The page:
The Digital Services Act (DSA) is aimed at improving the functioning of the digital single market, in particular digital services offered by intermediaries. These include, for example, cloud services, online platforms and content-sharing networks.
The reason new rules are needed is because a great deal has changed since the e-commerce Directive was adopted in 2000. Over the past 20 years, intermediaries such as online platforms have created many new opportunities for consumers and businesses alike. At the same time, they have also enabled the dissemination of illegal content and sale of illegal goods and services online.
“The main goal of the new DSA is to create a safer, more predictable and accountable digital environment for both consumers and businesses”
The main goal of the new DSA is to create a safer, more predictable and accountable digital environment for both consumers and businesses. The rule of thumb should be that what is illegal offline should also be illegal online.
Despite the fact that online platforms such as social media platforms have a huge impact on society and significant influence on our everyday lives, they should not act as their own legislators and determine the applicable rules of the market. Transparency is important.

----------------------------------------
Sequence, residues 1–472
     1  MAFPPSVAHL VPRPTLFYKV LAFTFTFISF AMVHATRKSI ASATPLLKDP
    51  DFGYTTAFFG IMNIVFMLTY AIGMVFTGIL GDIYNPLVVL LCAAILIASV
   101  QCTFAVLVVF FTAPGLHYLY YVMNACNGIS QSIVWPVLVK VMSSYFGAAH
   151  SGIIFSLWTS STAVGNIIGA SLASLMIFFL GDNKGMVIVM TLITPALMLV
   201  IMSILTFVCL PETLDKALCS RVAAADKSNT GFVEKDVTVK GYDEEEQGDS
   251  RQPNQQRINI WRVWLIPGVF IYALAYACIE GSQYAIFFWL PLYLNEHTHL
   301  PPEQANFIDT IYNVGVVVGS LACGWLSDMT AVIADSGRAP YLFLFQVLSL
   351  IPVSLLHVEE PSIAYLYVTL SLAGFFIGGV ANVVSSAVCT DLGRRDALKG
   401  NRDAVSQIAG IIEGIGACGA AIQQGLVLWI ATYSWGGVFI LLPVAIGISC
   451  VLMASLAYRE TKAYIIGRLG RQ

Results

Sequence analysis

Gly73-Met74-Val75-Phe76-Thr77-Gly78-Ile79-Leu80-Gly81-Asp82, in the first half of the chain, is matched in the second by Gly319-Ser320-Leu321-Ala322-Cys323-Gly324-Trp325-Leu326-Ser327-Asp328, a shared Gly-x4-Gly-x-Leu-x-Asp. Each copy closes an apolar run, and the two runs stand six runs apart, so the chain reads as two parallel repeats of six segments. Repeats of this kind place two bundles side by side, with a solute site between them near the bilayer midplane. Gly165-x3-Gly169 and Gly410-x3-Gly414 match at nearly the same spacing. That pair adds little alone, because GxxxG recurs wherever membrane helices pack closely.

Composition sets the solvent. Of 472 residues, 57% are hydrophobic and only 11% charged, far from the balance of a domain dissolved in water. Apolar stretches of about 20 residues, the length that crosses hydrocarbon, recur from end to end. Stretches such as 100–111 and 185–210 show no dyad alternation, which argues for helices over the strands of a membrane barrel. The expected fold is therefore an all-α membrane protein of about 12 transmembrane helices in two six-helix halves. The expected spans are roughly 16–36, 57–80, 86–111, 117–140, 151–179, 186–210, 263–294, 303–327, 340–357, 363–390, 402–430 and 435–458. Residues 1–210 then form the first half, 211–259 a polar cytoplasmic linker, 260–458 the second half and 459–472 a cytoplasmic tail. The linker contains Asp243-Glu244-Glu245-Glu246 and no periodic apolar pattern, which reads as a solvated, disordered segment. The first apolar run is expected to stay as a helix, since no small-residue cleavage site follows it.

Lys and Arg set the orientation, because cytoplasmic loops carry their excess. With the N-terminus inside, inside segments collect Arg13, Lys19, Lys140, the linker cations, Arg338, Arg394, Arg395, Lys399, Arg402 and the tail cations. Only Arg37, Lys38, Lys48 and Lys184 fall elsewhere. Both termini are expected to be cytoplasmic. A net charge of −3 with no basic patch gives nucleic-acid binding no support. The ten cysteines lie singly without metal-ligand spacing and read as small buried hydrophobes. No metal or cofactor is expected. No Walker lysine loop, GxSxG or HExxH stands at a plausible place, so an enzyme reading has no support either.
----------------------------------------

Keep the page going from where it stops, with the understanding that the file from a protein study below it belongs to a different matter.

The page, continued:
However, the new rules will not work without a level playing field. Therefore, companies based in third countries and operating in the EU digital market should be obliged to follow European rules. However, the task of legislating the digital environment is not easy. In order to ensure that the digital environment is not used for illegal purposes, we need to strike the appropriate balance between different legitimate interests and arguments.
As the Industry, Research and Energy (ITRE) Committee rapporteur on the DSA, my focus has been on ensuring the required legal certainty and on small-and medium-sized enterprises (SMEs), which play a key role in creating Europe’s digital competitiveness and growth. It is important for European businesses, particularly SMEs, that we ensure a level playing field and that these businesses are not faced with an excessive administrative burden.
Companies should be encouraged to scale up and innovate while a level playing field ensures fair competition. While we tackle illegal content online, we must simultaneously ensure the necessary flexibility and legal certainty for SMEs to operate and grow. Therefore, in the ITRE text I introduced various exemptions for SMEs.
While addressing the systemic risk that companies of a certain size inevitably pose, we need to make sure we do not create unnecessary red tape for companies whose size and operational model do not require this type of public policy intervention.